• A detailed narrative description of the proposed AVA boundary based on USGS map markings.

Dahlonega Plateau Petition

TTB received a petition from Amy Booker, President of the Dahlonega-Lumpkin Chamber & Visitors Bureau, on behalf of the Vineyard and Winery Operators of the Dahlonega Region of Northern Georgia. The petitioner is proposing the establishment of the “Dahlonega Plateau” AVA in portions of Lumpkin and White counties in Georgia.

The proposed Dahlonega Plateau AVA derives its name from a long, narrow, northeast-southwest trending plateau in the northern foothills of the Georgia Piedmont known as the Dahlonega Plateau. The plateau covers most of Lumpkin, Dawson, White, Pickens, and Cherokee Counties. However, the proposed AVA is limited to the northeastern portion of the plateau, in Lumpkin and White Counties, due to a lack of viticulture in the southwestern region of the plateau, as well topographical and climatic differences.

The proposed Dahlonega Plateau AVA covers approximately 133 square miles and is not located within any other AVA. The petition notes that, at present, there are 7 wineries and 8 commercial vineyards covering a total of approximately 110 acres distributed throughout the proposed AVA. In the next few years, the proposed AVA would likely be expanded by an additional 12 acres of vineyards. According to the petition, the distinguishing features of the proposed Dahlonega Plateau AVA are its topography and climate. Unless otherwise noted, all information and data pertaining to the proposed AVA contained in this final rule comes from the petition for the proposed Dahlonega Plateau AVA and its supporting exhibits.

Topography

According to the petition, the distinctive topography of the proposed AVA is due to the underlying geology, which is comprised of layers of rocks that weather uniformly and are moderately resistant to erosion. Over time, wind and water have gradually worn down the underlying rocks and formed a gently rolling landscape with an average elevation of approximately 1,554 feet above sea level. The resulting broad, rounded hilltops separated by wide valleys have moderate slope angles and adequate sunlight for the cultivation of vineyards.

By contrast, the petition states that the topography of the regions surrounding the proposed AVA are less suitable for vineyards. The Blue Ridge Mountains and Hightower Ridges to the north, east, and southeast of the proposed AVA generally have higher elevations and narrow valleys that are often shadowed by the surrounding steep, high slopes. The steep, high slopes allow less light to reach any vineyard planted on the valley floors, when compared to vineyards planted in the proposed AVA. The steepness of the slopes would also make mechanical cultivation of any vineyard planted on the sides of the mountains impractical. In the lower elevations of the regions to the south and west of the proposed AVA, the cool air draining from higher elevations eventually settles and pools and would increase the risk of frost damage in any vineyard planted there.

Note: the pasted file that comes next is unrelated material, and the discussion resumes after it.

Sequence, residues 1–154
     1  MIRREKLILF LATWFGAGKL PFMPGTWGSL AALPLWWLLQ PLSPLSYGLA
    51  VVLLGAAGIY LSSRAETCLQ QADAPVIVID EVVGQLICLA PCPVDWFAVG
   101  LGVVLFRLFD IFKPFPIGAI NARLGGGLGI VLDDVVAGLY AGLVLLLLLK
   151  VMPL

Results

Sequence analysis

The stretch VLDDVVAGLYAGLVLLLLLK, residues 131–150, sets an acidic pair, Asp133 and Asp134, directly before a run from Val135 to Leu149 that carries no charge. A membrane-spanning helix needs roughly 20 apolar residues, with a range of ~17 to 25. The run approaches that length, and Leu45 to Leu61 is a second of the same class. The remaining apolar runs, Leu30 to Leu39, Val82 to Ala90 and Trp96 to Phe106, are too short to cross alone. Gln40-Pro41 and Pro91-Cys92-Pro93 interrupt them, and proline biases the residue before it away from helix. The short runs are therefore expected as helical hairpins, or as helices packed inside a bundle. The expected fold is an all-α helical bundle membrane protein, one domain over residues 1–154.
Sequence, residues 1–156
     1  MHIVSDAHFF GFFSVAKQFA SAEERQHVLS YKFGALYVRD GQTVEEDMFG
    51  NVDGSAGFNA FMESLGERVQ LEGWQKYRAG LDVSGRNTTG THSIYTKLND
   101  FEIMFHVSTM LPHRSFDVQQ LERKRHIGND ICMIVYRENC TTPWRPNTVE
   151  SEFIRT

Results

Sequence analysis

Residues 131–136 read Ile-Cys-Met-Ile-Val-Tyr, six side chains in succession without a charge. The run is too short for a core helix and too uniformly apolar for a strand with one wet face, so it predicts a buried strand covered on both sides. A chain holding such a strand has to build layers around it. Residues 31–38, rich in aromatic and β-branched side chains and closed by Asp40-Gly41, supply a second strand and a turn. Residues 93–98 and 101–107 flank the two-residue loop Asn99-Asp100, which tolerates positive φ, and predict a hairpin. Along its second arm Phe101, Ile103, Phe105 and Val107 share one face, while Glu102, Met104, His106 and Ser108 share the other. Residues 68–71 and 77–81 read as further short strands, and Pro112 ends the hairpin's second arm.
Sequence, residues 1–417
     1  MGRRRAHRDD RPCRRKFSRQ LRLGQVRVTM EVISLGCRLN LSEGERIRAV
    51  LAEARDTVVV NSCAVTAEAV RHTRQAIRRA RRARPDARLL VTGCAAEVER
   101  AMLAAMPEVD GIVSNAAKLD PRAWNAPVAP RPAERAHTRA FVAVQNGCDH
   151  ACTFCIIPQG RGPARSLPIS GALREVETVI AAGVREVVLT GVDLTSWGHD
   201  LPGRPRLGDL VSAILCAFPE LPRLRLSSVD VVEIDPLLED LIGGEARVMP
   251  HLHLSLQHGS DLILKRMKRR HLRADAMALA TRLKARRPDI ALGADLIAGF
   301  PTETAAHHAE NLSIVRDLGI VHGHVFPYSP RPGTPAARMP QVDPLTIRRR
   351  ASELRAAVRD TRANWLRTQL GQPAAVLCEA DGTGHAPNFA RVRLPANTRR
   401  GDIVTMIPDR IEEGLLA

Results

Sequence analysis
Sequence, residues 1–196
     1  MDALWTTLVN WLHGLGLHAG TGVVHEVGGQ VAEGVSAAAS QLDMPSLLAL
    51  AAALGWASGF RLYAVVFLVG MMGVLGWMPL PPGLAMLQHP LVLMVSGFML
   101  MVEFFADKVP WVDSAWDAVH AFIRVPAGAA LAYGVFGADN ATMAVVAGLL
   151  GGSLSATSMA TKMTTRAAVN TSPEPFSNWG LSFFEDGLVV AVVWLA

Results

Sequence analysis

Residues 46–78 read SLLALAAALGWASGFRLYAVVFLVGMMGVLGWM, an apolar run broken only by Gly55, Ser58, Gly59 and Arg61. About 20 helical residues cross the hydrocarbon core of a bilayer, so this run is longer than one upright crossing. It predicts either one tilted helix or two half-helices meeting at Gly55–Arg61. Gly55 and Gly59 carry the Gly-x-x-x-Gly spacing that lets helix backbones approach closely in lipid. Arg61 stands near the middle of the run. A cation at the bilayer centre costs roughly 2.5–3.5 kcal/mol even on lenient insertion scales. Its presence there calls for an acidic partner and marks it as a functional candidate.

Climate

The petition for the proposed Dahlonega Plateau AVA provided climate information including length of the growing season, growing degree day accumulations, and precipitation amounts from within the proposed AVA and the surrounding regions.

Length of Growing Season

According to the petition, the proposed Dahlonega Plateau AVA has a mean growing season length of 195 days. Over 60 percent of the terrain Start Printed Page 30537within the proposed AVA has a growing season length in the range of 190 to 200 days. The petition cited a publication by the College of Agriculture and Life Sciences at Cornell University in conjunction with the Institute for the Application of Geospatial Technology,[1] which states that sites with growing seasons between 190 and 200 days are “not limited by growing season” because most grape varietals will be able to ripen within 200 days, while sites with growing seasons shorter than 160 days are not recommended for vineyards because most grape varietals would not have time to ripen fully. Based on this guidance, the petition proposes that the vineyard owners can plant many different grape varietals in the majority of the proposed AVA without the fear of having too short of a growing season for the grapes to ripen.